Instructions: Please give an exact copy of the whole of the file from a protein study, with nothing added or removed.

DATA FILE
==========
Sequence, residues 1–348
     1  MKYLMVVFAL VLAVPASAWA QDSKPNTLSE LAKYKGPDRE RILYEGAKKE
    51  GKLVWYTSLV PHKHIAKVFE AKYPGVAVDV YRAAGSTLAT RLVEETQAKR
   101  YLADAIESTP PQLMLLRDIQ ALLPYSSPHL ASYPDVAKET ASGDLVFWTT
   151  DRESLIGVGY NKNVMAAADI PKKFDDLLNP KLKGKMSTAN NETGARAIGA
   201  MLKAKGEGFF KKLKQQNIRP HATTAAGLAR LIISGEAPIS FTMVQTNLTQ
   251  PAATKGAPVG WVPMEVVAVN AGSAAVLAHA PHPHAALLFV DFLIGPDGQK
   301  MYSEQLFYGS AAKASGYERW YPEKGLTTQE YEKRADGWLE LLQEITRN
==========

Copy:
Sequence, residues 1–348
     1  MKYLMVVFAL VLAVPASAWA QDSKPNTLSE LAKYKGPDRE RILYEGAKKE
    51  GKLVWYTSLV PHKHIAKVFE AKYPGVAVDV YRAAGSTLAT RLVEETQAKR
   101  YLADAIESTP PQLMLLRDIQ ALLPYSSPHL ASYPDVAKET ASGDLVFWTT
   151  DRESLIGVGY NKNVMAAADI PKKFDDLLNP KLKGKMSTAN NETGARAIGA
   201  MLKAKGEGFF KKLKQQNIRP HATTAAGLAR LIISGEAPIS FTMVQTNLTQ
   251  PAATKGAPVG WVPMEVVAVN AGSAAVLAHA PHPHAALLFV DFLIGPDGQK
   301  MYSEQLFYGS AAKASGYERW YPEKGLTTQE YEKRADGWLE LLQEITRN